DPS Meeting, Madison, October 1998
Session 32P. Jupiter II
Contributed Poster Session, Wednesday, October 14, 1998, 5:10-6:10pm, Hall of Ideas

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[32P.18] Comprehensive study of the FUV Jovian aurorae with HST/FOC

R. Prang\'e (IAS, Orsay, France), D. Rego (UCL, London, UK), J. E. P. Connerney (NASA/GSFC), P. Zarka, J. Queinnec (DESPA, Obs. Meudon, France)

A set of HST FOC images taken in the H2 bands near 1550 Å is used to infer the morphological properties of the steady state Jovian FUV aurorae with emphasis on issues best addressed using the excellent spatial resolution (high latitude or small auroral features). We establish the improvement of the new VIP4 magnetic field model over previous ones at all latitudes. The north-south conjugacy of the main oval is now correctly accounted for, despite small systematic discrepancies. This oval is amazingly narrow (down to 80 ± 50 km), bright, and quite variable (100 kR to 1-2 MR, i.e., peak input flux of ~10-200 ergs cm-2 s-1). We discuss its structure, in latitude and longitude, consistent with precipitation by pitch angle scattering. Fainter narrow ovals appear on the north polar cap, presumably at the footprint of open field lines. Both polar caps are partly covered by a faint diffuse emission, confined to the afternoon sector in MLT. A bright feature extending across the north polar cap along the 160 deg. meridian (System III), might be not a specific auroral feature but rather a region where polar cap emissions are intensified, maybe by a solar wind driven ionospheric process. Equatorward of the main oval, we identify a belt of moderate and stable emission, attributed to a precipitation process acting from the Io torus to the distant magnetosphere. Longitudinally confined bright areas lie in the same latitude range and consist of series of short segments of concentric arcs. We also present the discovery of a narrow faint oval at the footprint of Io's orbit. Finally, we confirm that the FUV footprints of the Io flux tube are very small (a few 100 kms or less), implying an interaction close to Io. The input energy flux in this spots is huge and variable (0.8-5 x 1011 W).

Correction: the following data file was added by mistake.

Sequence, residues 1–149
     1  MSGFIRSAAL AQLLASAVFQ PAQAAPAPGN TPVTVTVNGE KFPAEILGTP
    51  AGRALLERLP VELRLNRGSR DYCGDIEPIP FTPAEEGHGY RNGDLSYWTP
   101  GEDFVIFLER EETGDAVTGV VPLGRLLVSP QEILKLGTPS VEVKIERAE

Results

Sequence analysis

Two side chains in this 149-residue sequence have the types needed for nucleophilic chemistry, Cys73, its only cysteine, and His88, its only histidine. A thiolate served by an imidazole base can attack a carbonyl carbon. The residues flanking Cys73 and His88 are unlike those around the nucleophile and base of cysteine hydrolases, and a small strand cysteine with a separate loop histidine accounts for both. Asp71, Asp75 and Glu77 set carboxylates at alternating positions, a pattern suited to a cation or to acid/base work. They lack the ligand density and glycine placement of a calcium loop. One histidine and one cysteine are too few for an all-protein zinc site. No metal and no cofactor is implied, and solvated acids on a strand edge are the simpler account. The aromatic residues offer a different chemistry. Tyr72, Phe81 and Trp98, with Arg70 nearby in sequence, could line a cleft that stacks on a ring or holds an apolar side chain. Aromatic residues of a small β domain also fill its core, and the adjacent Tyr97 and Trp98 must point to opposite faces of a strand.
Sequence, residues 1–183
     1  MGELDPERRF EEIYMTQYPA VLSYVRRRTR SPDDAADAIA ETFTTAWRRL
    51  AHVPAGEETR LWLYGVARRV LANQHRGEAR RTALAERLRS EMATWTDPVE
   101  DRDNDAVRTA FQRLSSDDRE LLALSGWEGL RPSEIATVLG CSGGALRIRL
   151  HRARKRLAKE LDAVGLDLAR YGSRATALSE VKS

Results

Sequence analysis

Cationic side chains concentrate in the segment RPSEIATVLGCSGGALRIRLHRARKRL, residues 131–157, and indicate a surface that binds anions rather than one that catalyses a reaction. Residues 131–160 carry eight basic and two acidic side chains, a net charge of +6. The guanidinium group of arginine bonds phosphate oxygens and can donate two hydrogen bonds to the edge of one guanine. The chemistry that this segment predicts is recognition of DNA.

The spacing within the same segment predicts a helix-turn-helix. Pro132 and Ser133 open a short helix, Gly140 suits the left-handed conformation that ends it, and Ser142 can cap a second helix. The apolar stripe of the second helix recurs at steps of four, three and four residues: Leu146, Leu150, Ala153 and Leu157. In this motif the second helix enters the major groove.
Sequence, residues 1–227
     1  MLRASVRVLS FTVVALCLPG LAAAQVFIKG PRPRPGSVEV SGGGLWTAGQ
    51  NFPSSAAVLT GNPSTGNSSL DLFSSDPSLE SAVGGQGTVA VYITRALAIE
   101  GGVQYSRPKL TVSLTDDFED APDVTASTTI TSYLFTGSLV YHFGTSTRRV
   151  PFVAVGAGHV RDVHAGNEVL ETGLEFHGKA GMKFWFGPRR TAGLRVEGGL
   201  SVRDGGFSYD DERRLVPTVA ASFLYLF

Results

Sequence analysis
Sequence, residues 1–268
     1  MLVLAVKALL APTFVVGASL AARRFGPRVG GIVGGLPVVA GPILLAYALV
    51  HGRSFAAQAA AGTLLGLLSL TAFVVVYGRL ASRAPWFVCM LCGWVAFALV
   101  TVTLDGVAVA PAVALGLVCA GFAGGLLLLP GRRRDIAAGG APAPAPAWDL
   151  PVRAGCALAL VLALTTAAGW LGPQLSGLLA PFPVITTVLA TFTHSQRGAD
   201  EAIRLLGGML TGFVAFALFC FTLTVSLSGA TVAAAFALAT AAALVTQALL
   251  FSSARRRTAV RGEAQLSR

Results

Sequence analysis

The author(s) of this abstract have provided an email address for comments about the abstract: prange@ias.fr

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